Thanks to back when Wal-Mart actually had a decent pet department and sold live animals and tropical fish in the 80’s, I developed a life-long interest in tropical fish because my home town store’s pet department was right next to the toy department. After browsing the toys, I would meander over to the pet department and ooh and ahh at the fish just as much as I did at the He-Man action figures. This was back when it was perfectly okay for adults to let their kids run off by themselves to look at toys in the store. My mom always joked that a kidnapper would not want me anyway!
Between the ages of 10 and 18, my tropical fish hobby would foster and grow thanks to several people who worked in the Wal-Mart pet department who I came to know on a first name basis. At one time, I had almost twenty different sized tanks and numerous fish bowls containing bettas. But by the time I left home for college in 1995, there was just one twenty gallon tank left. That tank still sits in the same place in my mother’s den and has been the home to many a county fair goldfish over the years from when my niece and nephew were young and would win them by playing games on the midway.
I still love tropical fish today and can’t resist a quick look at the tanks anytime I’m in a pet store, but a lack of space and time has kept me from setting up several tanks of my own in the house. A few years ago we installed a small brackish pond in the backyard as decoration for water plants. This pond has no aeration and is usually home to a few dozen mosquito fish each year. I added two small comet goldfish last year but they did not survive the winter.
This spring after cleaning the pond and adding the traditional mosquito fish and plants from the pond store, I noticed the fish were either disappearing or dying off after just a few weeks. I decided to replace them with two dozen rosy minnows from the pet store instead. They cost about the same as the mosquito fish, but are easier to see thanks to their pink color.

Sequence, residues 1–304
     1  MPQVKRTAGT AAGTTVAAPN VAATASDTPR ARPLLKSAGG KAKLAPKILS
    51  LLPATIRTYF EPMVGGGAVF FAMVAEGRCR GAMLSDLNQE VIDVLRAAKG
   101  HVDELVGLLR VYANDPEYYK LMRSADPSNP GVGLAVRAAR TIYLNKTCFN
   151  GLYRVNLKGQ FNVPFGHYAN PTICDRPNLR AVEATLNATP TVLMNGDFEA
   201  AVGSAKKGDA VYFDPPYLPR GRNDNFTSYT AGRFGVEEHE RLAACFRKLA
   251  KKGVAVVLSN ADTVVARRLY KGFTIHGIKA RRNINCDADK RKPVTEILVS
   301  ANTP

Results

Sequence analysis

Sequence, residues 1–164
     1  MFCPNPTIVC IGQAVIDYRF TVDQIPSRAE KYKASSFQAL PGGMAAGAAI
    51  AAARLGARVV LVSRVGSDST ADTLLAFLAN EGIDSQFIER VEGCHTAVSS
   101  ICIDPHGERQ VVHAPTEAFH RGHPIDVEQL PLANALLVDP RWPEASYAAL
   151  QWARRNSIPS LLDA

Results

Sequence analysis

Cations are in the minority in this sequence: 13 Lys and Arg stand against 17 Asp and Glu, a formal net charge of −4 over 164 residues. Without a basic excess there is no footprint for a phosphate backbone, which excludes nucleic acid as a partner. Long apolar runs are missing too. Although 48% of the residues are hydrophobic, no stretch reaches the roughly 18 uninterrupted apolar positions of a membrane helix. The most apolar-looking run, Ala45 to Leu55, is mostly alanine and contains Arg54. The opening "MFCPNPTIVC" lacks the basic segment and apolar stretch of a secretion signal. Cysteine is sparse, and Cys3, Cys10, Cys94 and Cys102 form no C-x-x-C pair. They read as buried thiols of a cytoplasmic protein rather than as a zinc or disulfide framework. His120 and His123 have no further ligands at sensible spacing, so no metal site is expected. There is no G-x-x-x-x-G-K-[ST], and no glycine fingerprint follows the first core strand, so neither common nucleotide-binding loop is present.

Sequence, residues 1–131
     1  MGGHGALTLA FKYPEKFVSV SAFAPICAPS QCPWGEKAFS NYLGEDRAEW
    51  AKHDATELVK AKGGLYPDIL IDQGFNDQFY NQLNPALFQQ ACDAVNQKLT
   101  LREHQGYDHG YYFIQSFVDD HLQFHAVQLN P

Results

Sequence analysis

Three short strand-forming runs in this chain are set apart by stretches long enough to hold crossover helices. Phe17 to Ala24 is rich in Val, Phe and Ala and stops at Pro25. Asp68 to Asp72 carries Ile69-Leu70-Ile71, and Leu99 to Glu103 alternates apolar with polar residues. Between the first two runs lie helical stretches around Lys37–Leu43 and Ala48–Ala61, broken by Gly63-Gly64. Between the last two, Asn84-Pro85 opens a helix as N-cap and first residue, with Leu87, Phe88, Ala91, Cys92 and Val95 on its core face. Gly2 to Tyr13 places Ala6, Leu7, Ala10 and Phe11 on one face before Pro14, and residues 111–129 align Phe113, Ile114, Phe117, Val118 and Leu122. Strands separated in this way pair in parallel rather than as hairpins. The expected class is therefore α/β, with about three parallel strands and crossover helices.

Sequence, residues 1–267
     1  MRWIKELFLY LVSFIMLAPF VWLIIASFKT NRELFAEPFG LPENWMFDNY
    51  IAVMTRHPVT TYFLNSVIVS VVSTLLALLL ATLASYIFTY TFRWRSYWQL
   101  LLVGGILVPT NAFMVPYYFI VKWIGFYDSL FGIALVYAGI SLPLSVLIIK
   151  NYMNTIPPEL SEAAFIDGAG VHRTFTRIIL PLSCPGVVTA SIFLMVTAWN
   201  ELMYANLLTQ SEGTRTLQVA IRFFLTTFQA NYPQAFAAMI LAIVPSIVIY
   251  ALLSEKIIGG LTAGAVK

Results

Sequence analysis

Rosy minnows are typically sold as “feeder fish” for about 16 cents each. They are bought and fed to other larger predatory fish like piranha or cichlids, or fed to turtles, snakes, or other pets. As you can see from the photo, their tank is usually crowded so they are not always in the best of health at stores.
Given a chance, these little guys do quite well on their own. Within weeks, I noticed I had fry (baby fish) in the pond. Here’s a link to a video I posted on Instagram from July of the fish at feeding time. You’ll catch a glimpse of one of the gray-colored babies up top near the end. After doing some research, I discovered their babies would be born their natural gray color and are typically called “fat head minnows.”
By early September, all of the pink fish were gone and I had quite a few of the grey ones instead. They had done so well in the pond I was afraid to leave them in there during the winter. I decided to set up a ten gallon tank in my basement to bring them inside.
By this time, I noticed some of the larger new gray fish had red fins which I thought was odd. I began to do some research, but could not come up with a solution as to why they had red fins. Taking them out of the pond for a closer inspection would hopefully help. Here’s a link to a video of the fish in the tank from September 12th.
I would net a few of them each day, but was worried about over-crowding after the tank had two dozen fish in it and there were still more in the pond! So, I quickly set up a second tank. By now, my research had led me to believe these were not fathead minnows, and that they were “white cloud mountain minnows” instead.
After reading about white clouds and watching several YouTube videos, I learned that there is a “golden white cloud” variety that can get mixed in with rosy minnows in fish stores whose babies also end up being the original gray color. That had to be what happened! After talking to an expert in a local pet store and showing him the photos, he agreed with me.
White Clouds have a fascinating history and are supposedly easy to breed and care for. This made me even more happier about bringing them inside. This has led to me learning how to hatch my own brine shrimp to feed to them to encourage spawning. I don’t have any babies yet though! And having two tanks filled with live plants and life fish has made me feel like a kid again. Ms. Maietta Simpson (a sweet older lady who was the pet department manager at Wal-Mart back in the day) would be proud!